Arroyo Trabuco Trail

Rancho Santa Margarita, California 92688

Distance7.7mi
Elevation Gain1,059ft
Trailhead Elevation893ft
Top893ft
Elevation Min/Max294/893ft
Elevation Start/End893/893ft

Arroyo Trabuco Trail

Arroyo Trabuco Trail is a hiking, biking, and horse trail in Rancho Santa Margarita, California. It is 7.7 miles long and begins at 893 feet altitude. Traveling the entire trail is 15.3 miles with a total elevation gain of 1,059 feet. This trail connects with the following: Trabuco Creek Bike Path and Tijeras Creek Trail.

Arroyo Trabuco Trail Professional Reviews and Guides

"Begin on the footpath near the sports park, then drop down to Trabuco Canyon Road and head toward the Santa Ana Mountains. Past the Oso Parkway underpass, Trabuco Canyon Road becomes the Arroyo Trabuco Trail. This is where the stream crossings begin. Crank up the dirt trail, following the narrow, yet enticing, wilderness corridor all the way to the turnaround point at O’Neill Regional Park. The ride back is slightly downhill—fast and easy."

"The Arroyo Trabuco Trail parallels the creek through a six-mile-long finger of designated wilderness in O’Neill Park. The near-level trail meanders through the protected riparian habitat to Oso Parkway at its south end.

The narrow stretch of undeveloped land is an important wildlife corridor that links the Santa Ana Mountains with coastal Orange County."

"Located in O'Neill Regional Park in southern Orange County. Highlights: The trail is a great place for children and beginners. There is very little climbing and few technical areas and you can turn around anytime you wish. Hazards: This is the heart of Orange County mountain lion country. There is even a big warning sign at the trailhead. Basic day-use fees are $2 a day during the week, $4 a day during the weekend, and $5-$10 during holidays. There are additional fees for camping and horses."

"The somewhat long but easy-going trek down the Arroyo Trabuco is most adventurous after winter rainy periods, when turbid water dances over a wide, gravelly bed, and there’s no way to avoid a good foot-soaking at each of four fords you encounter along the trail.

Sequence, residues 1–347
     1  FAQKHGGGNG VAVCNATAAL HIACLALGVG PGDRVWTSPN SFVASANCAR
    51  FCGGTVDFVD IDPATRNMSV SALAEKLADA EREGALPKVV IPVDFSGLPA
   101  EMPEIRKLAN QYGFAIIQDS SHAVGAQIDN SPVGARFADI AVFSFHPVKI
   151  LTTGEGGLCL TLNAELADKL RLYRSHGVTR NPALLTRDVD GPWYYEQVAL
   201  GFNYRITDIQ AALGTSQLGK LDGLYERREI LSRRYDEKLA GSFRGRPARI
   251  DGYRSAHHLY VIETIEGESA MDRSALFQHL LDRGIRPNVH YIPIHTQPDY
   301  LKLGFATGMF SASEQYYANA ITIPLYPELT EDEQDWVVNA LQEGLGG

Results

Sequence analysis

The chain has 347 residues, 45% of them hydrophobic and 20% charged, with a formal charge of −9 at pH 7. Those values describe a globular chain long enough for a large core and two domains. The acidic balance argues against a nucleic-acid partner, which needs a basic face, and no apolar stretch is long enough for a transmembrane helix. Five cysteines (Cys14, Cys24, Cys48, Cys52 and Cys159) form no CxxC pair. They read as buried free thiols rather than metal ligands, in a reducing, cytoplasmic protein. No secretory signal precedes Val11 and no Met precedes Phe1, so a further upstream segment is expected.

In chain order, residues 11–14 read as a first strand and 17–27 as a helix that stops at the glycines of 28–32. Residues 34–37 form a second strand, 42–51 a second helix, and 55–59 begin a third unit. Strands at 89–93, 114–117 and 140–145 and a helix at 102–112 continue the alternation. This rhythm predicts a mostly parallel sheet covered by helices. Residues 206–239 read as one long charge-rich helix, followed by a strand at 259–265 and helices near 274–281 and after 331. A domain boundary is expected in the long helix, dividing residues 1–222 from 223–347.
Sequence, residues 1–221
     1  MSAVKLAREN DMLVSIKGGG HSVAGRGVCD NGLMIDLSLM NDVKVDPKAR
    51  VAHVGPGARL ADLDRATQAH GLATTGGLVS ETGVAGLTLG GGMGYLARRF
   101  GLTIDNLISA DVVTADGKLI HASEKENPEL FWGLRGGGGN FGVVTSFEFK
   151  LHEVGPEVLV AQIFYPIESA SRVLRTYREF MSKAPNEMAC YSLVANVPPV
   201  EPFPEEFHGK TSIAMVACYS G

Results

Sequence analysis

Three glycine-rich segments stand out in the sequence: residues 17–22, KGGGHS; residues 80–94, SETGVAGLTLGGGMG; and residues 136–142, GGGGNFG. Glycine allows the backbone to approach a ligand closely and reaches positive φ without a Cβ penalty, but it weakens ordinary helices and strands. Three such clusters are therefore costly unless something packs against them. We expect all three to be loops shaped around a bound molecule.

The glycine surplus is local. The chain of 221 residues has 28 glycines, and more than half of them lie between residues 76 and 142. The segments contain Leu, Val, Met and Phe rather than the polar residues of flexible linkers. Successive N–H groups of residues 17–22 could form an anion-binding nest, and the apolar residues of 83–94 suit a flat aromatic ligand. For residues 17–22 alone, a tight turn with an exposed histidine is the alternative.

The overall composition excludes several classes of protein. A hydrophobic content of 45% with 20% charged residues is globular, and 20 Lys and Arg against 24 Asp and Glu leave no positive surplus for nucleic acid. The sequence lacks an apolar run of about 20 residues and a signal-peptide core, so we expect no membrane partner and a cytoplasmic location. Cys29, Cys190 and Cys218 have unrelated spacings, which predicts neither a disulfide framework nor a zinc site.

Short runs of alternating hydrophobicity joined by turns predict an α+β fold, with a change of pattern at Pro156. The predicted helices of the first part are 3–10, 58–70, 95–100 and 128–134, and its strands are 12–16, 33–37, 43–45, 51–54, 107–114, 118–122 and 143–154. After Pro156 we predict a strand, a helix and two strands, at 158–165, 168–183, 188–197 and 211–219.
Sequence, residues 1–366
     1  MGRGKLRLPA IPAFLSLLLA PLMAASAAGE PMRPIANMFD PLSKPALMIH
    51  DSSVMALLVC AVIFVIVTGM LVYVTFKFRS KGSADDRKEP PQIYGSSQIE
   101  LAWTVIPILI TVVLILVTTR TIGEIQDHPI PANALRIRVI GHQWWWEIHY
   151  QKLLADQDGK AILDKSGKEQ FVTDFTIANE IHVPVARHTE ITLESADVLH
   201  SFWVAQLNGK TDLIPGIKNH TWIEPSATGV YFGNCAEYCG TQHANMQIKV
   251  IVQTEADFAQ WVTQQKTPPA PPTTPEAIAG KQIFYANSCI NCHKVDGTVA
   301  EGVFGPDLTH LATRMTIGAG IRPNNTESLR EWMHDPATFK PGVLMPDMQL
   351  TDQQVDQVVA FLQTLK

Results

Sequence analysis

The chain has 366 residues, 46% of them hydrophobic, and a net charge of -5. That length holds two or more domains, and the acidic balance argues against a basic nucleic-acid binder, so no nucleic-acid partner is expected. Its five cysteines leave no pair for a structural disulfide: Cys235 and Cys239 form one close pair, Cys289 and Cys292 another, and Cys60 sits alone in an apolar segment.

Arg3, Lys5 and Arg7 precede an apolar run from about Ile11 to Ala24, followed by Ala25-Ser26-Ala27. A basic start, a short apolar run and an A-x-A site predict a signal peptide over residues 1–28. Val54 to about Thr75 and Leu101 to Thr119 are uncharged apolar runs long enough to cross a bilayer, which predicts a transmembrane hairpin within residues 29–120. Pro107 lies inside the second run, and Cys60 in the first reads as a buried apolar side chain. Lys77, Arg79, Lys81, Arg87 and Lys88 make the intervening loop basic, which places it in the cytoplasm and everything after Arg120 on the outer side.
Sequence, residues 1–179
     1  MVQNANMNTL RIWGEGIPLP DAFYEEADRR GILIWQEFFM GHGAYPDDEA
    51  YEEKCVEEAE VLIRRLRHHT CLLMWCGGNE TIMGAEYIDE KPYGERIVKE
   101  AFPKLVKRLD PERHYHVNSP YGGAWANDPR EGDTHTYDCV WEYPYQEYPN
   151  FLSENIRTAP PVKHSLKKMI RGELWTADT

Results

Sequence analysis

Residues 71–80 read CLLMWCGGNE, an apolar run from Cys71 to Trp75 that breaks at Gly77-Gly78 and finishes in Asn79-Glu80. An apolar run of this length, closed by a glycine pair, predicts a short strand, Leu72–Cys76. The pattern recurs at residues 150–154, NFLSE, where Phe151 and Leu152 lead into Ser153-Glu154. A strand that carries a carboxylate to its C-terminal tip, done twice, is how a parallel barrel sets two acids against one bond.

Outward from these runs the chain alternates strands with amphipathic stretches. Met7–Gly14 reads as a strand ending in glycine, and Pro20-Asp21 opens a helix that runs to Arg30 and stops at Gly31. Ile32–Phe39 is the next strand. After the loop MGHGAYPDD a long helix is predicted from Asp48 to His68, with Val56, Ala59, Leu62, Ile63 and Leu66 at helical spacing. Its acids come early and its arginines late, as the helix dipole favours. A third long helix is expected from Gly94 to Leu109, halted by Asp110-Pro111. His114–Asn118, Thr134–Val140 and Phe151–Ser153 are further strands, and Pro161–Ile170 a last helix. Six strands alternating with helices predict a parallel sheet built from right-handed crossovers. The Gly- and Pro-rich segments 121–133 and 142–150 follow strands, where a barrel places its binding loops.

Be aware, however, that for most county-park trails such as this, there’s usually a “drying-out” period (usually 3 days) during which all visitation is prohibited. You will pass many unmarked and unmapped paths on both sides; stay on the wide main trail, which is marked every mile."

"One way or another the hike through Arroyo Trabuco Wilderness is an engaging experience. In fact, one-way may be the best way to walk this wildland corridor from O’Neill Park to Oso Parkway across southern Orange County. With the help of a car shuttle, the hiker can enjoy a mostly downhill ramble from a nature center to a mini-mall, a journey from the foothills of the Santa Ana Mountains to trail’s end near a Taco Bell. On a recent down-canyon jaunt, I experienced a collage, indeed collision, of images that included a murmuring creek, grand old oaks and sycamores, a doe and fawn browsing a flower-sprinkled meadow, as well as traffic rushing over my head on the Foothill Transportation Corridor (toll road). In places, all traces of the suburbia that sandwiches Arroyo Trabuco recedes to a respectful distance, and the hiker is left only in the company of chirping crickets, croaking frogs and twittering birds."

Arroyo Trabuco Trail Reviews

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8/18/2007
I did this hike on a very hot day (102 degrees). My the map I had from the website, it was hard to tell the loop portions of the trail from offshoots that went to the electric pole lines. The main trail was marked in various spots, but I got lost on an offshoot trail thinking it was a loop and ended up as a dead end twice. The trail didn't have much to offer for scenery (I'm from Washington State), but it was nice to get out and have a place to hike not far from where Saddleback Church is. I appreciated being able to get off the trail at the half way point and get into some air conditioning and rest a while. It would have been very hard to make the entire distance in the heat without the break. As it was, it was difficult. It wasn't a physically challenging trail other than for the outside temperature.
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6/15/2001
The danger of mountain lions is grossly exaggerated. I run and ride in this area often, and have seen many deer, but never a mountain lion. In fact, in over 10 years of riding all over Orange County, I've never seen a mountain lion. Besides, the last thing a mountain lion wants to do is chase down a biker, unless maybe you are injured and separated from the herd. This reviewer falls prey to media hype.
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Trail Information

Rancho Santa Margarita
Nearby City
Dog-friendly
Accessibility
Moderate to Difficult
Skill Level
USGS Santiago Peak; Thomas Brothers, Orange County.
Local Maps